I’m in Sao Paulo attending the Transpoquip Event, well actually exhibiting and speaking but who’s counting…This is being organized by Sebas van de Ahe. He’s an old buddy of mine who organized shows for the Rai (Intertraffic) in the Netherlands. He invited me to be a part of his first show after leaving the Rai and Immigrating to Brazil. He lives in Rio but says this is the city of commerce in this country of 180 million souls.

After nearly 24 hours in country, I can now give you a learned description of this largest of our Southern neighbors, at least of its largest city.

Sao Paulo has a population of almost 20 million. It’s big, and that’s saying something if you some from Los Angeles.  I’m being assisted here by a friend of a friend and he tells me that the architectural style is "early Latin American." I would call it classic third world.  There are good looking sections like the one where my hotel is located, but most is the chock a block non zoning style you see in third world countries. Streets are lined with "bodega" like shops – with a high rise wedged in here and there. Downtown looks like most downtowns, with high rises and a broad avenue or two, but Sao Paulo lacks the "design" you see in many cities.  Few large Parks or sweeping urban vistas. 

I am struck by the amount of security here.   Virtually all buildings are surrounded by spike topped wrought iron fencing with "mantrap" entries and guard posts. It’s like every one is an embassy.  I’m told that some areas of the city are quite dangerous but I have seen no examples of that.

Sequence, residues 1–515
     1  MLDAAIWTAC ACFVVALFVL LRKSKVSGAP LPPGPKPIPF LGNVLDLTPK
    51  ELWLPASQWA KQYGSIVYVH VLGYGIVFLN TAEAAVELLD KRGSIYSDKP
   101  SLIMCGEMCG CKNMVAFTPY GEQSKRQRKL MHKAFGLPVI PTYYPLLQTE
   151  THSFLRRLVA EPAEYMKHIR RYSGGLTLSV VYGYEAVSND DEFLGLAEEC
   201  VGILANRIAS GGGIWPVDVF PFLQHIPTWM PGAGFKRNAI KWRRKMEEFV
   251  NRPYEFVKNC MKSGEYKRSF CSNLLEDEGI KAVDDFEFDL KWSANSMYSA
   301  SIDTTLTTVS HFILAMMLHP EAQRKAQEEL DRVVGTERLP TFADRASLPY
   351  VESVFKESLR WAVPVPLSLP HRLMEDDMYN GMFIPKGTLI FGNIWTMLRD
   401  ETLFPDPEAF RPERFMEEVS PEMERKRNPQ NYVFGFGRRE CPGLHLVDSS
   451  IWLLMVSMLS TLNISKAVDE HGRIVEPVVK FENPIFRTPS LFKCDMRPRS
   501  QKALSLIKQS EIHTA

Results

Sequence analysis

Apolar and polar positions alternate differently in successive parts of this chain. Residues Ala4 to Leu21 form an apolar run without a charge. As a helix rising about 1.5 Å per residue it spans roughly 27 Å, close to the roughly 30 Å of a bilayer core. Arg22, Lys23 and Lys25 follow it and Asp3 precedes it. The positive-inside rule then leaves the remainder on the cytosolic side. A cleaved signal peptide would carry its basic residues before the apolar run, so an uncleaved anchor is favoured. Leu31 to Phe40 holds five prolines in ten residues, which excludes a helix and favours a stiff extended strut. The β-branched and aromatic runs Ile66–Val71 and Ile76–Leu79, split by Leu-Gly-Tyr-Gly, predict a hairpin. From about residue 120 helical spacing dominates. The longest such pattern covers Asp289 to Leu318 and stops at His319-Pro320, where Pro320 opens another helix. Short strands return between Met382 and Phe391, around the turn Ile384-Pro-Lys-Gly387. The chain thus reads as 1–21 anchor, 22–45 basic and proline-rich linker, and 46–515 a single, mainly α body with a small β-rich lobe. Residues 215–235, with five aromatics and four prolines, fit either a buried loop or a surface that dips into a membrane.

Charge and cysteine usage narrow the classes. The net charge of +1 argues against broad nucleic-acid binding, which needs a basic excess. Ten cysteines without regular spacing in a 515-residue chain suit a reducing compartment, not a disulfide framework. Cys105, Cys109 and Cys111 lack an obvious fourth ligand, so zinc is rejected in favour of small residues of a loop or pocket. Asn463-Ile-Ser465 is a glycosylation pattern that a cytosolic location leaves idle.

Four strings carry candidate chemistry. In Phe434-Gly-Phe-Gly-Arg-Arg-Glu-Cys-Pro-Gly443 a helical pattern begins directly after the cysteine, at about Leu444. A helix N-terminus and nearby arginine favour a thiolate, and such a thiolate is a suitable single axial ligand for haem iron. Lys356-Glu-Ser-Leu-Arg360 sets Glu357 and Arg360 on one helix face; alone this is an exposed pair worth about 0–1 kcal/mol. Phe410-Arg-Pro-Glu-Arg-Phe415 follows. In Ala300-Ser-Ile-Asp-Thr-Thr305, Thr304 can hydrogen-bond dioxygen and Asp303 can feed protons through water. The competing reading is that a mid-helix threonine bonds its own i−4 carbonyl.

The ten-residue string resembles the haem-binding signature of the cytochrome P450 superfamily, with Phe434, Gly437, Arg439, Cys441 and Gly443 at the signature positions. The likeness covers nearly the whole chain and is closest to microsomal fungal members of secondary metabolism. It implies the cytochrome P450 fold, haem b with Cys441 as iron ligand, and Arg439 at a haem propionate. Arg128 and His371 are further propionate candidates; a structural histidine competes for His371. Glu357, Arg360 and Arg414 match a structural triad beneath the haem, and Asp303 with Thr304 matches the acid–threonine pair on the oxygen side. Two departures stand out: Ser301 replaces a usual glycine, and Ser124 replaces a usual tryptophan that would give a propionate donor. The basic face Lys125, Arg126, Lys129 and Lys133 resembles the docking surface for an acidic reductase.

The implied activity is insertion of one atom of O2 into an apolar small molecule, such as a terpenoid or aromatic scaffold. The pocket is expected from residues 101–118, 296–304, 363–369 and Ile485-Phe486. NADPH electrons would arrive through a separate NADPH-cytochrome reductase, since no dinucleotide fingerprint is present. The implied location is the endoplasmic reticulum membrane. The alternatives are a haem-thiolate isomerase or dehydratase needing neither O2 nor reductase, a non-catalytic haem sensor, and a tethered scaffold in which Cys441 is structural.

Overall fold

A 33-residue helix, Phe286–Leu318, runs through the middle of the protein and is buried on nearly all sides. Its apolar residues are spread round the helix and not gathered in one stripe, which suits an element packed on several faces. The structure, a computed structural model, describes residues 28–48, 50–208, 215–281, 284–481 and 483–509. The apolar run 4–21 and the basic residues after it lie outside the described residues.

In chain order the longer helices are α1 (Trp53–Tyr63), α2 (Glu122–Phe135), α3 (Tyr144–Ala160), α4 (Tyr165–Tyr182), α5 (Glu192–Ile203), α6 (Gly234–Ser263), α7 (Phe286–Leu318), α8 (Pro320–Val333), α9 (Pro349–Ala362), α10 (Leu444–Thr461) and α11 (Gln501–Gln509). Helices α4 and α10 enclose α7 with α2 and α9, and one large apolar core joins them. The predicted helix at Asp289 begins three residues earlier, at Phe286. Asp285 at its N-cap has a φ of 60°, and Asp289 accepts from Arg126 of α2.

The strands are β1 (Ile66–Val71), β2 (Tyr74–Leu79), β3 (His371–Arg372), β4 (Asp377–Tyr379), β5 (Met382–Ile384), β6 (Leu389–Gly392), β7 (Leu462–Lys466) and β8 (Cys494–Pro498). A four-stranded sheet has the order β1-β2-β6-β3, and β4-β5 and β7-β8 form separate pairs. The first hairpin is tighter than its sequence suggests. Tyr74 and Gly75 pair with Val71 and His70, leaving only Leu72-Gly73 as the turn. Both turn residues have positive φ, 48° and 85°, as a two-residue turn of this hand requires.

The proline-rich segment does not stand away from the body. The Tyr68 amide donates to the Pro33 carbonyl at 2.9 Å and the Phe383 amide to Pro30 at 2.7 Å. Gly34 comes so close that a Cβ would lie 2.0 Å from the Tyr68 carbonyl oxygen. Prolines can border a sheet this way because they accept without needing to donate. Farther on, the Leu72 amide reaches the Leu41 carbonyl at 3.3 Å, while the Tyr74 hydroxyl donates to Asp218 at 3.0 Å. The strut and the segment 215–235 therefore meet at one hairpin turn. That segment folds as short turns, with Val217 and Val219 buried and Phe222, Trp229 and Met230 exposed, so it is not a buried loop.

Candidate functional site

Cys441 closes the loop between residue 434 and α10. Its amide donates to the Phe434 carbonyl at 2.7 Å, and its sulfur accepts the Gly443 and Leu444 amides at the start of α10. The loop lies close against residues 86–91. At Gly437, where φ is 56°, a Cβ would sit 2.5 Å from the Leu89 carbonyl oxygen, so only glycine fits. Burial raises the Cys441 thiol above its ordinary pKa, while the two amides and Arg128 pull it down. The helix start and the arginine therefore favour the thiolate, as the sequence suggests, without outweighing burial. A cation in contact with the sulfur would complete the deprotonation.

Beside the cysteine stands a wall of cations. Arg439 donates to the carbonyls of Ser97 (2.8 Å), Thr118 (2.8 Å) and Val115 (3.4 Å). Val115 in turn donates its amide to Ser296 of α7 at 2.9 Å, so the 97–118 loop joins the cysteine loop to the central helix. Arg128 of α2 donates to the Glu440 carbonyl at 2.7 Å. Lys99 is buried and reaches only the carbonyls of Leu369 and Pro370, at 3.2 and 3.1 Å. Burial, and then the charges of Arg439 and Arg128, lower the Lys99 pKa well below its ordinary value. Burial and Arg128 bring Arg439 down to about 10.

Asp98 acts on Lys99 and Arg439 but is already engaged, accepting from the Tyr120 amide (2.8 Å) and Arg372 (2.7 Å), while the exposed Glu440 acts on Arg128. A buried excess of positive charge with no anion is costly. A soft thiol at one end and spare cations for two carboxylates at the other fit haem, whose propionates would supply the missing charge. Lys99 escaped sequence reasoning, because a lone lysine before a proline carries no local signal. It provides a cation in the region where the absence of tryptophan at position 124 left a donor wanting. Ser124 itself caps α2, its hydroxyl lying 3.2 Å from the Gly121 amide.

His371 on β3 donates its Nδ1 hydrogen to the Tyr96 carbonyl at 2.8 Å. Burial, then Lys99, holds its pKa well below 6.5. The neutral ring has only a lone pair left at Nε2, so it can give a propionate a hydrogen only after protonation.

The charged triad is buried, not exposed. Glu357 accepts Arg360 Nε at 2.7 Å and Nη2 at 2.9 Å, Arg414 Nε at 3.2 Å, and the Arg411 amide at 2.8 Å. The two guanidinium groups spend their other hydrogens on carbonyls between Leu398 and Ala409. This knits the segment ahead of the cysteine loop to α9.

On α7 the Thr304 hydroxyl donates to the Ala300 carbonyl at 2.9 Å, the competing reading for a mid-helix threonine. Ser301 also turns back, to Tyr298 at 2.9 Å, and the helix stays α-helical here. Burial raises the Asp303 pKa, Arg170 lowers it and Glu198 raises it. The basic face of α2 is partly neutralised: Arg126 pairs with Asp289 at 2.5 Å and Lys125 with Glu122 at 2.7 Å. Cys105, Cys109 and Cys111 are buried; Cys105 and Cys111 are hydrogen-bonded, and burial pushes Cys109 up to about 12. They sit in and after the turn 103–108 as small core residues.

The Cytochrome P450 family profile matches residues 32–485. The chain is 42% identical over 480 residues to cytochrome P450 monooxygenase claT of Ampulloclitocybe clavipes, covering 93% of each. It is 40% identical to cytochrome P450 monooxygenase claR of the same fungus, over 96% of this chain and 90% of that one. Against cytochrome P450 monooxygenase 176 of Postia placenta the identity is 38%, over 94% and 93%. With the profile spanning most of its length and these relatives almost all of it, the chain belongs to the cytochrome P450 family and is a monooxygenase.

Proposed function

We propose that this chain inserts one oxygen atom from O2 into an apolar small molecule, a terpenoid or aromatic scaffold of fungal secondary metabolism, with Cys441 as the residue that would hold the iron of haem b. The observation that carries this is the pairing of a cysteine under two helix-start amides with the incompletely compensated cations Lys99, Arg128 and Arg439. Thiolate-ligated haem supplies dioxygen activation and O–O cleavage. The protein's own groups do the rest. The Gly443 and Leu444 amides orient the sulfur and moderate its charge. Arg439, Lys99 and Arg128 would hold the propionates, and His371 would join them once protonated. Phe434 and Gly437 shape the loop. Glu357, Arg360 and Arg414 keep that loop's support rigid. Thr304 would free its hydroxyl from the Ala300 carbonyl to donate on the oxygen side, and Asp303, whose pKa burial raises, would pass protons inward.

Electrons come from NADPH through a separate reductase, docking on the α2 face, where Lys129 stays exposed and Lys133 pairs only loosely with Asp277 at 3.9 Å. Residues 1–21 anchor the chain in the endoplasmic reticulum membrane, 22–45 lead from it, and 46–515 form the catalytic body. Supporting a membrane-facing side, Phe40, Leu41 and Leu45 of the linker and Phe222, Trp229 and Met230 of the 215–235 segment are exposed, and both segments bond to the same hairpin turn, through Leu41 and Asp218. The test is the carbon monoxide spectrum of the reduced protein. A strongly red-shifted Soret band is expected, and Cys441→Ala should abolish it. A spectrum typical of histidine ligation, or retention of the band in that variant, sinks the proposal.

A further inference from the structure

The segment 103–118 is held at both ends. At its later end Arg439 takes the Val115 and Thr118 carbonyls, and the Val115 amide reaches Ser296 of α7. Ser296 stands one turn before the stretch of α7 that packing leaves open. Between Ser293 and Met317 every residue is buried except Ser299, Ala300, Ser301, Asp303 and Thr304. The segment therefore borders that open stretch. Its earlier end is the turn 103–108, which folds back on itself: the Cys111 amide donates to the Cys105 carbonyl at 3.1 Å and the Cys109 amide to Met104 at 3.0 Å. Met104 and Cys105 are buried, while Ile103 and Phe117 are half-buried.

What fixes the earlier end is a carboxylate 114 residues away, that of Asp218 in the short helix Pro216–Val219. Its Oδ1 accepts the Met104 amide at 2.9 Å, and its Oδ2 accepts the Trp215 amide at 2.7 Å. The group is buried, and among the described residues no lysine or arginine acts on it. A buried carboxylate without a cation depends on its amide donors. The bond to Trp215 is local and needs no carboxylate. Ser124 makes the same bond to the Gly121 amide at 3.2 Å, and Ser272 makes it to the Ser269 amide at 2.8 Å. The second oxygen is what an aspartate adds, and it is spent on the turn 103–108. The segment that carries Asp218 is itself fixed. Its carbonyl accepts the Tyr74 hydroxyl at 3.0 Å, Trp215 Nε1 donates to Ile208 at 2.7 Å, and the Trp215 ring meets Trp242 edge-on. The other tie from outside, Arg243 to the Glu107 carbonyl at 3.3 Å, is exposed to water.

The facilities,  restaurants, shops, hotels, and the exhibit complex are fine, and in some cases excellent, but it’s like they neglected to finish the landscaping. The construction was completed but the company they hired to finish the sidewalks and planters hasn’t shown up yet, and the building was completed 10 years ago.

Parking is available, and costs about $4 for the first hour and $2.50 per hour thereafter. It can be expensive. An excellent dinner for two last night was $75 which included no dessert and one glass of wine (not each, just one glass of wine). The hotel is not expensive($100 a night) and I would call it a three plus star hotel. Perfectly serviceable and clean, but not the Ritz.  The currency here is the Rial – which is about 56 cents US.

Traffic is bad, but no worse than LA, Chicago or Houston. The air was very clean but I’m told that was because it rained yesterday. They have world class smog.

I’m most struck by the graffiti. It is everywhere – on major buildings downtown, even high up on skyscrapers. The taggers must be daredevils. I am surprised they don’t fight back. In LA one phone call and the "art" is gone the next day. Here it’s like they have given up. My host just shrugs his shoulders and says "what can you do?

The city is very clean. They have folks in orange jumpsuits all over the place sweeping constantly. There is no litter.  The electricity is 110vac but the sockets in the walls take getting used to. There are two types that can be side by side. One is standard US style (slot type) and the other is the "two prong" type you see in some European countries. I am going to investigate this further.

I’m about to start "day two." I’ll report back after the show.  Strange hours. The show is open from noon to 8 PM. Puts me a little off schedule.


John Van Horn

John Van Horn

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